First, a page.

• The deceased’s children who are under 18 or under 23 years of age and a full-time student are also considered dependents and will receive dependent’s benefits until they turn either 18 or 23, respectively. The children must live in the deceased’s household at the time of the death.
  • If a spouse or child was not living at the deceased’s household at the time of death, the spouse or child must prove that they were still dependent on the deceased worker’s salary for living expenses. This could also include dependents such as parents and siblings.
  • Physically or mentally disabled dependent children are entitled to additional death benefits under New Jersey’s Workers’ Compensation law, including benefits lasting up to 450 weeks.
  • Civil union partners.

The new law will make sure dependents of essential workers who have contracted the COVID-19 virus while working and died of complications of the virus will receive yearly cost of living adjustments.

How is the Death Benefit Rate Calculated?

Death benefits under New Jersey’s Workers’ Compensation law is supposed to help families who have lost the income of workers who have died while on the job. Without these death benefits, the loss of a salary because of the work-related death of a family member for a household can be devastating. Many families would not be able to pay for basic living expenses such as housing and food. However, filing for these benefits may not be easy and straightforward. The deceased worker’s employer and their Workers’ Compensation insurance company may dispute the claim and fight against the paying of death benefits. Hiring an experienced Workers’ Compensation lawyer to file the claim might be necessary. Also, there are exceptions to the dependent rules, so hiring a lawyer to help would be a wise first step.

The death benefit rate is 50 percent of the deceased worker’s wages if there is just one dependent. For each additional dependent thereafter, the rate increases five percent until the total amount of death benefits paid to all dependents equals 70 percent of the deceased workers’ wages. However, there is a maximum weekly benefit amount that is modified every year. No matter how much money the deceased worker earned, the dependents will not receive more than the maximum weekly amount.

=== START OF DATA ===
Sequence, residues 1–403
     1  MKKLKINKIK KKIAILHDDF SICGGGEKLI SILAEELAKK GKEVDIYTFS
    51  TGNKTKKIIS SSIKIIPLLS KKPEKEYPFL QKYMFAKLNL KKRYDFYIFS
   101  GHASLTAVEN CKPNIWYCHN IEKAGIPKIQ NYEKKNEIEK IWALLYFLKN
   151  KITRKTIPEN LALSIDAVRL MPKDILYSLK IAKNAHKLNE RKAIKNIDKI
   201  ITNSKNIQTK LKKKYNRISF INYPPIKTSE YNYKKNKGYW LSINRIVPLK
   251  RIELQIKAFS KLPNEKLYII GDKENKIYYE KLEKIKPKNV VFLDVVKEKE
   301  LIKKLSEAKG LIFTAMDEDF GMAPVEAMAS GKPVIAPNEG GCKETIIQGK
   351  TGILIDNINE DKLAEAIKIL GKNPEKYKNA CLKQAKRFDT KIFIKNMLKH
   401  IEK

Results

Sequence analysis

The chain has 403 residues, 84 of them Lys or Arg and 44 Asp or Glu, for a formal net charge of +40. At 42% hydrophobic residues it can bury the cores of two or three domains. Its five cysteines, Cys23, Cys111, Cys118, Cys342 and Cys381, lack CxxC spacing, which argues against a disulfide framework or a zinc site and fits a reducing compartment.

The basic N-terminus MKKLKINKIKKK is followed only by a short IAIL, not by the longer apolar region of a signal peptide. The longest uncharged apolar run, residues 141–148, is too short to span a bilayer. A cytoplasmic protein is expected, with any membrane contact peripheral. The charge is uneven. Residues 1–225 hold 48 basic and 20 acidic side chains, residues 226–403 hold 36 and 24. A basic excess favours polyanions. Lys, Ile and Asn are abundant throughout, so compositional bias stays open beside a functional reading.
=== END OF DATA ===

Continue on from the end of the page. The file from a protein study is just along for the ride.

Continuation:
Mount Laurel Workers’ Compensation Lawyers at Kotlar, Hernandez & Cohen, LLC Fight for the Rights of Injured Workers and Their Families

If you have been injured at work, you may have many questions and be concerned about how to pay your bills and take care of your family. The surviving dependents of an employee who died of a work-related illness deserve assistance as well. The Mount Laurel Workers’ Compensation lawyers at Kotlar, Hernandez & Cohen, LLC are here to help you. Our experienced legal team will be able to answer all of your questions and help you file a claim for the benefits you deserve. Call us at 856-751-7676 or contact us online for a free consultation. Our offices are located in Mount Laurel, Cherry Hill, Trenton, and Vineland, New Jersey; and Trevose, Pennsylvania. We serve clients throughout New Jersey and Pennsylvania.